As part of this, the report cites “Effects of TOD on Housing, Parking, and Travel,” a 2008 publication by Robert Cervero and G.B. Arrington, which found that residents living in transit-oriented developments (TODs) typically owned 15-30% fewer vehicles, drove much less as confirmed by their driving 20-40% fewer miles a year, and walked, biked, and took public transit much more often than they likely would have in communities that depend primarily on the automobile. While this is one of many studies cited by the report, the results appear clear: that high-quality transit and improvements to public transit tend to have significant benefits to the environment and to residents’ quality of life.

In order to increase transit benefits, the report offers several strategies. These include having transit priority, which may involve special lanes for buses and other high-occupancy vehicles to allow them to travel more quickly, traffic signal preemption, which gives public transit vehicles an early start in passing through intersections, and quicker fare-pay systems so that passengers can board more speedily. Offering cash to commuters in lieu of receiving a free parking space has also been found as a good way to increase transit use. Lastly, commute trip reduction (CTR) programs aim to help commuters reduce the travel times of their commutes and can include elements like rideshare matching, guaranteed ride home programs, and telework.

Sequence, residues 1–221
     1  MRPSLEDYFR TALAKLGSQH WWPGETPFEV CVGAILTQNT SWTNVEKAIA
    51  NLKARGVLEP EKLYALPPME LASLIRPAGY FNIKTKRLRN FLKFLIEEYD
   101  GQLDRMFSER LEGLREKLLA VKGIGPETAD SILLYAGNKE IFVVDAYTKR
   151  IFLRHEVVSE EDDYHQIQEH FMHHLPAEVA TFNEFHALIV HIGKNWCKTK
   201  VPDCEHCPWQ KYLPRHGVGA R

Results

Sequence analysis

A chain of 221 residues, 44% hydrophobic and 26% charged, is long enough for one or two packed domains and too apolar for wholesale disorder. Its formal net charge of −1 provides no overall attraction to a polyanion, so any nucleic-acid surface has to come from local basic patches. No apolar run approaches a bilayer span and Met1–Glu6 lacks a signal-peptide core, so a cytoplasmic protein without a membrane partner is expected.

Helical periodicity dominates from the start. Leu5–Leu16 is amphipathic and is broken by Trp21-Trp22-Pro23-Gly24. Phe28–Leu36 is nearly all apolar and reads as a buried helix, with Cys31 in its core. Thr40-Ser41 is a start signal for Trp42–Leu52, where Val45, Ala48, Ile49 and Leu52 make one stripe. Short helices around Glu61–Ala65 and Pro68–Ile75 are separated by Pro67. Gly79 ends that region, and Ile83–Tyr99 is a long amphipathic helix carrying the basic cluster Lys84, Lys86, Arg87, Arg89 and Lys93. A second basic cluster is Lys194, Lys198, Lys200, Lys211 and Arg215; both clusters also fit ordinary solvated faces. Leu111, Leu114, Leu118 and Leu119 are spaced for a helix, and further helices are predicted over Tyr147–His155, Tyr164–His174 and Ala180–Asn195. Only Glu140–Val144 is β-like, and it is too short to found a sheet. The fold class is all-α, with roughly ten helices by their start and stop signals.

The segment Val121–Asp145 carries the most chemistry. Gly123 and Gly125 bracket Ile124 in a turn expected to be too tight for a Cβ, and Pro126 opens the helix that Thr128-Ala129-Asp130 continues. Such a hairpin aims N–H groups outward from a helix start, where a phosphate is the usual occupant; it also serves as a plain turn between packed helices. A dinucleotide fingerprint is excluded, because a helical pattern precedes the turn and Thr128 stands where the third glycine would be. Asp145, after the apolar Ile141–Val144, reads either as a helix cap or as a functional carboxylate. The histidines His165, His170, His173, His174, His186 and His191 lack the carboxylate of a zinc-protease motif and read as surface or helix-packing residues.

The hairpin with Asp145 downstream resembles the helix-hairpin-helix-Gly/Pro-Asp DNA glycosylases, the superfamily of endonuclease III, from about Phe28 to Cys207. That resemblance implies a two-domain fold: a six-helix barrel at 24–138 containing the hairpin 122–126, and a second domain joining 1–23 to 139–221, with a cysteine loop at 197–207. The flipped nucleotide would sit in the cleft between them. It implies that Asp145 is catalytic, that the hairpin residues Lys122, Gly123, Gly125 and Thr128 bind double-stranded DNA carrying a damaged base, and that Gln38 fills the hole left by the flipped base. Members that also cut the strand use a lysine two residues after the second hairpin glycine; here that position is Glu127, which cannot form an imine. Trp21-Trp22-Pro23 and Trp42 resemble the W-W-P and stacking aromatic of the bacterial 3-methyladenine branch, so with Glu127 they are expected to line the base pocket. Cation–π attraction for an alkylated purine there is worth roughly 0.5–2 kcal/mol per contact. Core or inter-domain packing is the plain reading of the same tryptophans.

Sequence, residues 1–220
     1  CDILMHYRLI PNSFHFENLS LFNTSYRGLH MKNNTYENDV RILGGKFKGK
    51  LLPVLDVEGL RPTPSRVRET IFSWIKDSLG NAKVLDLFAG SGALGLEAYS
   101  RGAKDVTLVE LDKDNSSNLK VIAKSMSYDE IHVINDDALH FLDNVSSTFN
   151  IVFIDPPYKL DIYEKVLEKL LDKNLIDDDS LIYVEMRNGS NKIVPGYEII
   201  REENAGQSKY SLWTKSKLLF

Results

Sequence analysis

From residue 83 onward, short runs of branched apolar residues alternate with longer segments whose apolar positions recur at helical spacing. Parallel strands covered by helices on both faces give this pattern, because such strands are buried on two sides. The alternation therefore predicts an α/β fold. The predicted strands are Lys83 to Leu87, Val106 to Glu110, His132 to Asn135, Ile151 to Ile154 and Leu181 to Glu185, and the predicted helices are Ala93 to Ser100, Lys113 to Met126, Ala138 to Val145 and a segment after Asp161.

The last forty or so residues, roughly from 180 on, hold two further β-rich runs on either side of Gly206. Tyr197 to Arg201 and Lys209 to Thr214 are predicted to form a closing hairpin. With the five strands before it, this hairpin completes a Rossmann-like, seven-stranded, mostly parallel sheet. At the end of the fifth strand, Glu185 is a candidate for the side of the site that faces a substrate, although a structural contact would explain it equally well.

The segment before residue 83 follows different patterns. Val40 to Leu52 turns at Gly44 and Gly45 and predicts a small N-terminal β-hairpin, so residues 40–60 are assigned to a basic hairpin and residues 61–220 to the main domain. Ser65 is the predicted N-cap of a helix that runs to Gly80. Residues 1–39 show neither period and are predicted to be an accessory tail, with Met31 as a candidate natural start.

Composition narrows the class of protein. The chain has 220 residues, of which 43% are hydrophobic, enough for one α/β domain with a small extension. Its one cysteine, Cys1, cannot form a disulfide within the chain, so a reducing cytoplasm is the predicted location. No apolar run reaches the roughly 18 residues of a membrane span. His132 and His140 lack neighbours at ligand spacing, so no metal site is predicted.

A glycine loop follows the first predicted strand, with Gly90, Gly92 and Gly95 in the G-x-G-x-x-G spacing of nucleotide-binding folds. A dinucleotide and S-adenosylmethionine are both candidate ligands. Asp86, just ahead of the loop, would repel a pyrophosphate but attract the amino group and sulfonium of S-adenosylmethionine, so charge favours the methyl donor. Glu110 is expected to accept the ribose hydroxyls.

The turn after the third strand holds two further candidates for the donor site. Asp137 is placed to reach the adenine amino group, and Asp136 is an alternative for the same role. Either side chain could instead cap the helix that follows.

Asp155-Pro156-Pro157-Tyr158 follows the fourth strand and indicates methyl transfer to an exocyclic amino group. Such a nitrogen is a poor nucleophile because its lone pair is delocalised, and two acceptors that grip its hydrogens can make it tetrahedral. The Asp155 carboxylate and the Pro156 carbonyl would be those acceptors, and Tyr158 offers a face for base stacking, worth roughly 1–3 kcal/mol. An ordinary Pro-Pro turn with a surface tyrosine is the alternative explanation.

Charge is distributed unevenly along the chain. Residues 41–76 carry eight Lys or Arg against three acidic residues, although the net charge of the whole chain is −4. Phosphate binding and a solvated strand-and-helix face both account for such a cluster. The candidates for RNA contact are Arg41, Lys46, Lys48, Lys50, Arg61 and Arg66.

Given these considerations, what are some benefits you feel public transit contributes to the environment and to communities? What other strategies may be helpful in encouraging transit use?

Start your year sustainably! Recycle your Christmas Tree by January 14th!

For 24 years, the Streets Department’s Sanitation division has provided Philadelphians with an environmentally safe alternative for the disposal of used trees.  Streets Commissioner Clarena I.W. Tolson recently announced that the Residential Christmas Tree Recycling Program will run from Tuesday, January 3 through Saturday, January 14.

Philadelphians who wish to drop off their trees to be recycled may take it to the Streets Department Sanitation Convenience Centers located at

  • 3033 S. 63rd Street,
  • Domino Lane & Umbria Street and
  • State Road & Ashburner Street

The Sanitation Convenience Centers are open 8:00 am to 6:00 pm from Monday through Saturday.  Remember

  • Trees brought to the site to be recycled should be free of all decorations and untied. Christmas trees with decorations cannot be recycled and will be placed with rubbish.
  • Trees should not be brought to the site in plastic bags.

Christmas trees present a seasonal addition to the City’s waste stream.  By recycling them and returning them to the earth, we help to reduce the number of discarded trees that end up in landfills.

There will be no curbside collection of Christmas trees for recycling purposes. Trees left at the curb will be considered as trash and will be picked up on regularly scheduled trash days.  As always, the program is for citizens who receive City collected trash and recycling services. Vendors are responsible for making arrangements for the private disposal of their discarded trees.

For additional information regarding the Christmas Tree Recycling Program, or any other Streets Department service, please contact the Customer Affairs Unit at (215) 686-5560, visit us online at www.philadelphiastreets.com .  For all city services, call 3-1-1.

MOTUnes Monday │ Drive My Car

Every Monday, the Mayor’s Office of Transportation and Utilities (MOTU) showcases a transportation related song. This week, we’re kicking off the new year with “Drive My Car” by the Beatles.